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Tanya Donelly: Whiskey Tango Ghosts


Tanya Donelly: Whiskey Tango Ghosts

Label:4AD
Format:Album
Media:CD
Genre:Singer/Songwriter (Rock/Pop)

By Catherine Lewis | Posted 8/4/2004

Tanya Donelly’s solo albums have veered off the path of her former band, Throwing Muses, from the inconsistent pop rock of 1997’s Lovesongs for Underdogs to 2002’s adult-alternative beautysleep. Her latest, Whiskey Tango Ghosts, follows that trajectory into even more bland territory, sounding like self-centered love songs more for the Enya crowd than for college-rock alumni.

Ghosts is less orchestrated than beautysleep; many tracks are just piano and vocals with a little guitar. While that sparseness sends Donelly’s soprano floating atop every song in a hot-air balloon, her vocals become overwhelming without anything tying them down. She sings as slowly as possible, masticating each syllable until the last drop of flavor is squeezed from it. Although Ghosts has a few torchy moments, most of the album is all rainbows and butterflies (literally, in “Butterfly Thing”), with lyrics that are as mushy as baby food (she actually sings “You are the love of my life” in “The Centre”).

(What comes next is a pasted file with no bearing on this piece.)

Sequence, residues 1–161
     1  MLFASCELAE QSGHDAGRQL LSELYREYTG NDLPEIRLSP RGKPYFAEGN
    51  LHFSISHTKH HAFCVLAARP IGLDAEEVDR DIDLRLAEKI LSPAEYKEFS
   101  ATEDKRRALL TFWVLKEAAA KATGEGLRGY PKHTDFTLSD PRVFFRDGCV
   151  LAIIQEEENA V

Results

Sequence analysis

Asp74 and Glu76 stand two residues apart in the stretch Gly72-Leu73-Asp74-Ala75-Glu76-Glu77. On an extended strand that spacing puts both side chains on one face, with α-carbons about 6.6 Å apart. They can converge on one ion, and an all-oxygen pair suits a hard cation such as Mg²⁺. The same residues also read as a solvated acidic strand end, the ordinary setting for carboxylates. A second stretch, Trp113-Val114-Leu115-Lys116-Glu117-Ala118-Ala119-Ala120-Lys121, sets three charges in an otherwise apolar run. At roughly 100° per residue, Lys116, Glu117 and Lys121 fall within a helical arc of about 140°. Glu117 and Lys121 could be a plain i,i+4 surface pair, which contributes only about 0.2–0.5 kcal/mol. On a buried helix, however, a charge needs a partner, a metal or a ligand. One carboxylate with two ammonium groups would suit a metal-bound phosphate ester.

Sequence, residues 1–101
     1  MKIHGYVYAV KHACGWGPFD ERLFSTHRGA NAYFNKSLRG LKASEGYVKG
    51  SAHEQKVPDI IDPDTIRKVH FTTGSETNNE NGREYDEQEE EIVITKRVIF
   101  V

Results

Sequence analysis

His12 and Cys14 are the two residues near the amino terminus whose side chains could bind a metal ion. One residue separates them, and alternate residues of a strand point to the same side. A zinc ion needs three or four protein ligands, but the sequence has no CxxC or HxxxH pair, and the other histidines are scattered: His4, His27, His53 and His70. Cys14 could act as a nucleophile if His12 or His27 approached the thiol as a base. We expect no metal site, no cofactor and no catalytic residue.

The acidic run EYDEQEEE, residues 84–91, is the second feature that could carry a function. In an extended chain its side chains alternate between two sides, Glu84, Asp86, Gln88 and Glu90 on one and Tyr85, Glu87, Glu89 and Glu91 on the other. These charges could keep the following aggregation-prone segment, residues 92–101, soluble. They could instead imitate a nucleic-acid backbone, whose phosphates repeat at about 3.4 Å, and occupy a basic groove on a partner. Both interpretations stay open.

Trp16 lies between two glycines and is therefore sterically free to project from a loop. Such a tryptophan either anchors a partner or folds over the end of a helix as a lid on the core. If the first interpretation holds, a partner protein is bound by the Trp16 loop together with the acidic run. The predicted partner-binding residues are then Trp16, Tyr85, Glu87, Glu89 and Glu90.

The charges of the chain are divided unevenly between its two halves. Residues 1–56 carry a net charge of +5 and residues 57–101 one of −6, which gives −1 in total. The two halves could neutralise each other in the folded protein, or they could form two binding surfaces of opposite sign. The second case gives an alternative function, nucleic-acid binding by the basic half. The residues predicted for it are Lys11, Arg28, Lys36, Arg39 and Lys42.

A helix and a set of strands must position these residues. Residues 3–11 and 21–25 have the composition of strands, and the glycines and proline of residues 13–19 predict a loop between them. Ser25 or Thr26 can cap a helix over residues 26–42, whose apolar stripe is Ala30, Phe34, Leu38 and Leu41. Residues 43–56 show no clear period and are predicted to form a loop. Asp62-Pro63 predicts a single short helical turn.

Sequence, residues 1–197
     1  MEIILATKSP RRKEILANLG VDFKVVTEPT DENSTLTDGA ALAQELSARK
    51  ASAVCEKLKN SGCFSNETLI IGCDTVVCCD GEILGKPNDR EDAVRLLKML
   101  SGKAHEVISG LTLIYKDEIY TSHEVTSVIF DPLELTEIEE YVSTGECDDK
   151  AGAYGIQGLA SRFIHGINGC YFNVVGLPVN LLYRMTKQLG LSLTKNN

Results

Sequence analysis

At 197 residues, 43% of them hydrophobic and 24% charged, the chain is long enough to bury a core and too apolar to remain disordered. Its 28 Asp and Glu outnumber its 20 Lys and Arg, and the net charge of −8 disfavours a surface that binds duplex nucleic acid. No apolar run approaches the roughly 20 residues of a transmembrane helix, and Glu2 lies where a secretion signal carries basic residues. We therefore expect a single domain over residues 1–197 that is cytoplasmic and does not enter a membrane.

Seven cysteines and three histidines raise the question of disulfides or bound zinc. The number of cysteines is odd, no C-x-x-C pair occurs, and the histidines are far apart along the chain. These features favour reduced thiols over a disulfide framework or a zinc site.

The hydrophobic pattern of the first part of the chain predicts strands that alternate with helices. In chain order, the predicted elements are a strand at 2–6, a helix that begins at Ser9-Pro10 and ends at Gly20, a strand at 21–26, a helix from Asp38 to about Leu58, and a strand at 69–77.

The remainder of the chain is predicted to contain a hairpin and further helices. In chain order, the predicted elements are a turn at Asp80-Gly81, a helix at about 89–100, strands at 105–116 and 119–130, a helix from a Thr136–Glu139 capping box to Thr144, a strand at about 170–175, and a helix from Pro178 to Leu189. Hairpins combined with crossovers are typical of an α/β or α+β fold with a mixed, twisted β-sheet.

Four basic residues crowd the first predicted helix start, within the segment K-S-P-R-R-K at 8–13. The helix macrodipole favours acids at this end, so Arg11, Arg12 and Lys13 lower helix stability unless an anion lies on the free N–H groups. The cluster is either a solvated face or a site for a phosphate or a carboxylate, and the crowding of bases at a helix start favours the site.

The album’s weaknesses are most exposed in its 37-second bonus track, an a cappella version of “Dona Nobis Pacem,” which sounds less like a political statement (the song’s only lyrics translate to “grant us peace”) than something Donelly recorded in a spare moment on a karaoke machine at her daughter’s day camp. Although she did take the time to add a countermelody, the track still feels like an afterthought and, like the rest of Ghosts, never really goes anywhere beyond Donelly’s self-absorbed enjoyment of her own voice.

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